Northern Hawk Owls are indeed owls, not hawks, and are breeders of the boreal forest, only venturing to our southern reaches occasionally in winter. It gets its name because, as one would expect, it is said to resemble a hawk in appearance with a more slender, stream-lined body, smaller head, and overall more “hawk-like” posture and appearance than other North American owls. A treat for any birder (or non-birder, for that matter) to see, these owls are diurnal. When they do appear in our state, being active by day makes them much easier to observe. Furthermore, they have a tendency to choose the most prominent perch, be it the tippy-top of a tree, a telephone pole or wire, a fence post, or a street sign. Although their appearance in our state is rare, when they do appear, they tend to stick around and attract hordes of birders. The image above of a Hawk Owl in Eden, VT spent almost 2 months in the same location in the winter of 2009, being seen dozens of times by scores of birders. How long the Berlin owl will stick around is anybody’s guess.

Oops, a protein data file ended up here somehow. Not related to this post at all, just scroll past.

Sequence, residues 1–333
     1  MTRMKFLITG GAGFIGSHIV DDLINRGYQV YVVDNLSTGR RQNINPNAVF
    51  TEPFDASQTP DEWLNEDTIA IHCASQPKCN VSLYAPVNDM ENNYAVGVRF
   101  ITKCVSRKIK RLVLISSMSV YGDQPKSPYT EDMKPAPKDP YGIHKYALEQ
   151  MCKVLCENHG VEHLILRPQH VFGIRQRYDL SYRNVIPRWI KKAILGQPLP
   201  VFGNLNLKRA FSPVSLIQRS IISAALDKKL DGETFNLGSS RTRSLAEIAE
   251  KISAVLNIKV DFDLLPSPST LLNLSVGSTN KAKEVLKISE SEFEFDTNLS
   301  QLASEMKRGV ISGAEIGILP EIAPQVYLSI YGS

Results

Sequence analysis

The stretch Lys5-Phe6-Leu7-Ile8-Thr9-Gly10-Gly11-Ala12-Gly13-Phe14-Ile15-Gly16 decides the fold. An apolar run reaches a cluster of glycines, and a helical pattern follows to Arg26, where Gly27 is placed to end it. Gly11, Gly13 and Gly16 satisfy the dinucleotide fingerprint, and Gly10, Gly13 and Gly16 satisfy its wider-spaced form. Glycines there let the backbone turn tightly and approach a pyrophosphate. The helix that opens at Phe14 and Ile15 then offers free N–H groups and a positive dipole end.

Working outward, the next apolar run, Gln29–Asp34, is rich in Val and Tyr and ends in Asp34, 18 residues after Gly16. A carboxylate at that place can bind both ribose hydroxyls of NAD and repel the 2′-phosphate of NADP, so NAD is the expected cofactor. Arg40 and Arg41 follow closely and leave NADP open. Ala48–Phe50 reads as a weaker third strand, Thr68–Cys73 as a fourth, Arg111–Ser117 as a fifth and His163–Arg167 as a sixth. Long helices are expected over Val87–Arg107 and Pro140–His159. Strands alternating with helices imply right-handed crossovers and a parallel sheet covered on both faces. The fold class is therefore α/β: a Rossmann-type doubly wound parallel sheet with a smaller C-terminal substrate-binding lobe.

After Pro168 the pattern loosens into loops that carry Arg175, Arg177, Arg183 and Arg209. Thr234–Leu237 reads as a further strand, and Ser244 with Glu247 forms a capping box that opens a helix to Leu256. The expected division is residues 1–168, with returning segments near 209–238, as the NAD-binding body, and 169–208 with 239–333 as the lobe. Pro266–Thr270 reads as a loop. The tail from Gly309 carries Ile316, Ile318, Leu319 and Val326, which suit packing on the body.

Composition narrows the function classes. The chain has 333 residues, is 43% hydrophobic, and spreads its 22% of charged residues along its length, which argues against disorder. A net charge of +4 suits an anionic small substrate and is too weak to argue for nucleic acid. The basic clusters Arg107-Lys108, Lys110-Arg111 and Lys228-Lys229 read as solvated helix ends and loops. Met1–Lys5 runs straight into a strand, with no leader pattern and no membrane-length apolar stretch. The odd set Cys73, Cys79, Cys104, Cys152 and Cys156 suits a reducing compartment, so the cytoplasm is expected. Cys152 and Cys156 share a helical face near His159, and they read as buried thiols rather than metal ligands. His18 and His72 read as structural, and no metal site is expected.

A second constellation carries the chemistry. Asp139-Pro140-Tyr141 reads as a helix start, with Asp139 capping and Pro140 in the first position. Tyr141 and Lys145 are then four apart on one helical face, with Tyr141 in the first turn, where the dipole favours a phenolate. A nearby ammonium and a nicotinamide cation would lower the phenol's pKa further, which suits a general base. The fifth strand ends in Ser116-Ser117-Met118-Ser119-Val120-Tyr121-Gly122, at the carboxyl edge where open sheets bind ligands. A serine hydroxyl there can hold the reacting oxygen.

Despite many search attempts since January 1st, the Berlin Hawk Owl hasn’t been relocated. Living only a few miles from the site where it was discovered, Chip Darmstadt was hot on the scene before its disappearance and got the picture shown above. “Eventually it flew over Jones Brook Road,” recounted Chip, “continuing to hunt from the powerline on the open hillside (technically in Moretown). There's a lot of open country along this stretch of the Winooski, so it would definitely be worth driving all of River Road between Montpelier and Middlesex [for those who want to look for it].” Another lucky observer, John Snell, managed to capture some thermal images of the owl as the sun set on New Year ’s Eve. Check out these amazing images below! (note that the right image shows the Hawk Owl on the ground after catching a rodent!)
We’ll keep trying to relocate this bird and will make updates on our blog, so check back for more details. Also, Bryan Pfeiffer, guru birder and friend of NBNC is keeping tabs on sightings on his blog, The Daily Wing. Whether the bird is rediscovered or not, it has already put on quite a show and given us a great start to the Washington County Birding Challenge!